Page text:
Possible issue with Interface support?

Nov 30, 2011 at 11:27 AM

I am playing about with interfaces and custom views and cannot get the views to render the domain objects according to just the metadata defined on the interface.  Instead they render based upon the concrete instance metadata.

I have a domain object called User. What I want to do is to be able to create 3 interfaces that User implements and have the views render the User based on the interface:

IUserTableView - used when displaying a User in a table, so has a restricted subset of all of the User properties.

IUserPropertyView - used when displaying a User in a property list (readonly), so displays all of the properties.

IUserPropertyEdit - used when editing a User in a property edit list (read/write), so hides all non editable properties (i.e. navigation properties that are collections)

 

Interfaces do seem to be adhered to when used as the return type of a navigation property and also in actions, but the html helpers don't seem to honour them.

Is this a bug?  Is it possible to achieve the above?

Coordinator
Nov 30, 2011 at 2:02 PM

No, it's not a bug. When the framework displays an object, it uses the metadata for the type of object itself -  not the return type of the method/property it came from.

Nor would it be desirable to change this.  Say a Payment object has an Payee property defined by the 'role' interface IPayee, where IPayee is implemented by, say, Supplier and Employee.  If I click on the object in the Payee property, I want to see what it really is (Supplier or Employee) and invoke its behaviours.

One place where the interface is used is in the collection type  -  in order to determine what columns to display. So your IUserTableView ought to work. But if the user then clicks on any of the objects in the table (i.e. rows) you will then see the object as it is, not as the type in the collection.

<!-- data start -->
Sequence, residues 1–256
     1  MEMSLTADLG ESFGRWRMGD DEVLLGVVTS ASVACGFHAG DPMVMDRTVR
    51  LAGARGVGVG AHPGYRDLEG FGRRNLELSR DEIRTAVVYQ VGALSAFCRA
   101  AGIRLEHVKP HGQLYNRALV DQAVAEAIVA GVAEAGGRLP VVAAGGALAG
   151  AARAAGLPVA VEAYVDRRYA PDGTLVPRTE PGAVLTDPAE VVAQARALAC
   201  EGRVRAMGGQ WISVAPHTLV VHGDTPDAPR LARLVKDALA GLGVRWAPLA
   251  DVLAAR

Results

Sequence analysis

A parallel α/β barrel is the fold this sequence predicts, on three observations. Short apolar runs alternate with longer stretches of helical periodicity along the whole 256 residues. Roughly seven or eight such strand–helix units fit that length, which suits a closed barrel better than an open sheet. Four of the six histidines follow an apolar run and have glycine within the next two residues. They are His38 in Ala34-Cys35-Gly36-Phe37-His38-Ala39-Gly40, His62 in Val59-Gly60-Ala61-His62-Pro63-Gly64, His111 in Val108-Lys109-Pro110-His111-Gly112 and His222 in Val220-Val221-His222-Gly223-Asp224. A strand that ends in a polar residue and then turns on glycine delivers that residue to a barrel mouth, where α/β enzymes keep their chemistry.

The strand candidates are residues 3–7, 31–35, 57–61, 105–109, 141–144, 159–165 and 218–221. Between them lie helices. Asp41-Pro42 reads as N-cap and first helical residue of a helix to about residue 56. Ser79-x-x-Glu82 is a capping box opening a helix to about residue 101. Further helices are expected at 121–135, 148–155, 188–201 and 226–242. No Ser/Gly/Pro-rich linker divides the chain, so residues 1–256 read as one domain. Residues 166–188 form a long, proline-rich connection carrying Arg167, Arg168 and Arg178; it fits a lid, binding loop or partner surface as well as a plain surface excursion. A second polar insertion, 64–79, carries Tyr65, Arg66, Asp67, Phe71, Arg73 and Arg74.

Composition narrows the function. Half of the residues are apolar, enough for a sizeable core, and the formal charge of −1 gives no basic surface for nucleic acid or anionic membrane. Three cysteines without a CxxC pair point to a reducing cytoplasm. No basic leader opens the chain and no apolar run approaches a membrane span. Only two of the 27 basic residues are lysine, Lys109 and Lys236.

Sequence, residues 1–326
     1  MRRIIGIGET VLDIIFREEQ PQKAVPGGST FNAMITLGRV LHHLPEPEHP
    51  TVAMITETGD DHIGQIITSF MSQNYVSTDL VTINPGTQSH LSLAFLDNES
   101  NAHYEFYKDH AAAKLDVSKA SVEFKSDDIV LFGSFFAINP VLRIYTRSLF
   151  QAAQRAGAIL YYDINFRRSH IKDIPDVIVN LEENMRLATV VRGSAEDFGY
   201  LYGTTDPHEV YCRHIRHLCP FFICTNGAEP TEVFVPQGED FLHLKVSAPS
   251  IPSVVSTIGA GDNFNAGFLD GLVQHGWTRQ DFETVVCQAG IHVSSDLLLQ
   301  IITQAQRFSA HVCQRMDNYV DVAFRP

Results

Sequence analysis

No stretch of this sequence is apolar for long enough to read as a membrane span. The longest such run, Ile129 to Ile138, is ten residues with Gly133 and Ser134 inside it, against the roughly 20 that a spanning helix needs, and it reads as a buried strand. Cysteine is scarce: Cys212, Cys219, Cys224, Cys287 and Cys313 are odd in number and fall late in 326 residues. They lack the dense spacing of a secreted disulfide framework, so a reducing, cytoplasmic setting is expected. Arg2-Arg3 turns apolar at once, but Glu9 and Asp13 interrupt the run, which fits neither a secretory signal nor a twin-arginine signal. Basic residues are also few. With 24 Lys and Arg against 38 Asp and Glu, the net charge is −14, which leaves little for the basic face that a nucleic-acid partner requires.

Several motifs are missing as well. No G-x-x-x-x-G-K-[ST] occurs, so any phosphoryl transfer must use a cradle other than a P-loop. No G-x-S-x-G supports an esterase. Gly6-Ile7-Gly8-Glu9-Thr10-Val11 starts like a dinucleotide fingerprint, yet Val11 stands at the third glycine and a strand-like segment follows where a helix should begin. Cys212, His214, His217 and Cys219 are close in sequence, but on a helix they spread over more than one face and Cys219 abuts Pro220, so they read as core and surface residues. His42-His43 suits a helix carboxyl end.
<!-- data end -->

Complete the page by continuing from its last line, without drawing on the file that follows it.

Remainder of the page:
I don't think there is any way to make your pattern work. I think you'll need to resort to custom views  -  if you really can't live with the default views.  Alternatively you can create transient-only view models, created as needed from the underlying objects  -  though that is not a pattern I like. 

Nov 30, 2011 at 2:40 PM

I started by using custom views, but then found I couldn't easily hide fields in navigation properties that were collections.

I then decided to look at using interfaces, which do allow you to hide fields in collection navigation properties when viewing in as a propertylist.

I then thought it might be possible to achieve exactly what I wanted by creating a strongly typed custom view that used interfaces.  Alas, as you say, it doesn't work.

Would it be possible to extend the htmlhelpers/framework to pass in whether you want the object rendered either as the viewmodel type (IUserTableView) or as the underlying domain object type (User)?

I guess it would require new overloads in both the htmlhelpers and in any framework methods that do the reflection calls.  Perhaps overloads that take bindingflags?

Coordinator
Nov 30, 2011 at 4:04 PM

It might be possible, but I suspect it will be quite hard work. It's not something that we're likely to do - so its up to you if you want to experiment.  I would recommend against  -  once you are into that level of effort you are starting to undo the value of using Naked Objects.  Are you sure you can't live with the views as they are? If not, you could try using viewmodels instead.

Nov 30, 2011 at 4:30 PM

Not a problem, thanks for the responses.

The big thing I wanted to achieve was restricting the columns in the navigation collections which I have been able to do by introducing an interface.

Coordinator
Nov 30, 2011 at 11:36 PM

It has just occurred to me, Paul, that you could probably do everthing you want using CSS alone!  All the properties have individual IDs and you can use nested selectors to detect whether they are being rendered within a table, an object view of an edit and hide them accordingly.  Worth a try, at least.

Dec 1, 2011 at 9:53 AM

I think I had a similar requirement and ended up creating a custom ObjectView.aspx. In this snippet I use a CollectionTableWith function but there's also a CollectionTableWithout you can use:

<%: Html.Menu(Model)%>
<%: Html.PropertyListWithout(Model, x => x.LeaseTerms, x => x.LeaseItems)%>
<div class="Property">
 <label>Lease Items:</label> <%: Html.CollectionTableWith<EstatioModel.LeaseItem>(Model.LeaseItems, x => x.Lease.Code, x => x.Unit.Code, x => x.Type, x => x.StartDate, x => x.EndDate, x => x.ActiveLeaseTermValue)%> </div> <%}%>


Dec 1, 2011 at 12:59 PM

That's a great idea, completely forgot the section on css and the flexibility that you permit.  Thanks.